Readers' Submissions

Cambodia or Thailand- Which is “Better”

  • Written by Anonymous
  • May 4th, 2007
  • 5 min read


China Hotel Guide
• Sheraton Shenzhen Futian Hotel
• 999 Royal Suite & Towers Hotel
• Century Plaza Hotel Shenzhen
• Days Inn Shenzhen

Considering that Stick actually designed his website as a method to give us valuable knowledge about living in Thailand, I thought I might offer some of the knowledge I have gained from living in both Thailand and Cambodia. Without intimate knowledge of Asia we may find ourselves running around like the proverbial chicken with his head cut off. Actually, I have been known to cluck while flapping my wings simultaneously pecking my beak in a very awkward manner on an occasional Friday night despite my intimate knowledge of Asia…so perhaps the knowledge I do have has allowed my head to be saved from the chopping block that it was so apparently destined for.

Well, since these are subjective valuations because each of us is a bit different in our tastes, I will offer a brief article contrasting the two places. Since things change here rapidly I will try to keep this article reflecting the current situations in both places. I will try to keep things in the order of importance I would expect the average person would need to adhere to, (the average person in this case meaning someone that is not filthy rich).

1) First and foremost

Work (where the hell can I get some money)

This is exceptionally relevant because in South East Asia change is constant. While there are variations and exceptions to the following information-such as teaching private classes, getting jobs through patronage networks, teaching at schools that have no need to follow the rules etc., I offer the following as a basic guideline:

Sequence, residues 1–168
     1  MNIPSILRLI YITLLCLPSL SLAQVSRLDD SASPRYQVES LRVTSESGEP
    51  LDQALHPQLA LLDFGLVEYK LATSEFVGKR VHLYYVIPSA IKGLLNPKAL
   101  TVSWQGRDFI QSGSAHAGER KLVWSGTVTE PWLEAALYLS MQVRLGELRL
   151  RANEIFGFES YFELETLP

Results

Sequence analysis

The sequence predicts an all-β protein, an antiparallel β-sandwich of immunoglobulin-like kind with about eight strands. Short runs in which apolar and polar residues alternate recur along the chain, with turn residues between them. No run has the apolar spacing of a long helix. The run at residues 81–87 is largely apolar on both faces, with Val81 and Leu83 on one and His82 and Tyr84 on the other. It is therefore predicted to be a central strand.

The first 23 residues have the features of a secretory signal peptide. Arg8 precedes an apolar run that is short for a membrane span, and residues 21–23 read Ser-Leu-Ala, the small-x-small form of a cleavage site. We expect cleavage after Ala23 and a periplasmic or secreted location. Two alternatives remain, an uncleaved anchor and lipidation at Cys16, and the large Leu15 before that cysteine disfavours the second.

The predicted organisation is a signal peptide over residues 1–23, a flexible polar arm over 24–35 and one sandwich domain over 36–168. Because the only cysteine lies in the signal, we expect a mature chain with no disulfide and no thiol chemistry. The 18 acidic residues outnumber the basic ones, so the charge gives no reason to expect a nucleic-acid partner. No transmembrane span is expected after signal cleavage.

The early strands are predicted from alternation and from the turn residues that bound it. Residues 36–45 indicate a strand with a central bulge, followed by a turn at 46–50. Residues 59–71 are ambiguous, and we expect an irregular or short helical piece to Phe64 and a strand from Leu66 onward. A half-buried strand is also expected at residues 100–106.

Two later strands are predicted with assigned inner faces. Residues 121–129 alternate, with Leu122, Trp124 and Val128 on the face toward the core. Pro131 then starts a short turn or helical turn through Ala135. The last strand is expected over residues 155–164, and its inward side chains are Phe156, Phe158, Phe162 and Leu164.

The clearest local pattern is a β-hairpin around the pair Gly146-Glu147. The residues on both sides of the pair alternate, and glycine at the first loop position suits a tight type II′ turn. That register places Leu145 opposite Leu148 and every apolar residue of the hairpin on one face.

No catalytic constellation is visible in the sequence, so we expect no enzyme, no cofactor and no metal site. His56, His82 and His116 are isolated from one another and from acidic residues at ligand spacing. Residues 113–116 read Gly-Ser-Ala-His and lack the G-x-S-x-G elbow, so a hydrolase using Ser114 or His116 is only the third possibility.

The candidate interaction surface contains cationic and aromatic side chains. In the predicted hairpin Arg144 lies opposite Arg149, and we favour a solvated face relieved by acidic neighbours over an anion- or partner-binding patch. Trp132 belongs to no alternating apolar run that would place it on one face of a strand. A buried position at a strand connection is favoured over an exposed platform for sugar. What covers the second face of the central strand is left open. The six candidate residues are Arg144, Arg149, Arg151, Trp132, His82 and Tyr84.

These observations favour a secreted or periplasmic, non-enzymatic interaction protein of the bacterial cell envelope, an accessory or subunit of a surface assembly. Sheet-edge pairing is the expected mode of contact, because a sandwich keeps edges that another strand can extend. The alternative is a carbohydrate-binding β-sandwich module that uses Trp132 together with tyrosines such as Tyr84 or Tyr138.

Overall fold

* Additionally, every school is different, every administration is different…hell every day is different. Sometimes I actually wake up in hell instead of the usual location of which Hell is clearly visible but I am not actually in it.

a) The short version, for people wishing to teach:

Requirements:

Thailand:

Generally: Bachelors, TEFL, clean appearance, white face, ability to keep students entertained.

Worst case scenario: same as above, plus: native speaker of English, resident of either the US, UK, Australia etc., possession of business visa before getting the job, criminal background check, less than 50 years old, and sometimes… Female preferred, because it is common knowledge that men are sexual deviants and women are not.

Cambodia:

Generally: Must show up for work, any face will do, if you speak some English you are a native speaker. Ability to somehow convey course materials to students.

Worst case scenario: You will have to take ten minutes of your time to write a completely fictional resume (inks not dry yet). This might actually be ethical in the sense that you may be describing a former life you had. Perhaps you were Albert Einstein that time. Add enough former lives to the resume and it should be quite good.

Show me the money

(how much will I get paid for my efforts?)

Thailand:

The short version:

Generally between 16K and 80 K baht per month

The slightly longer version: because… no money no eat

Thailand: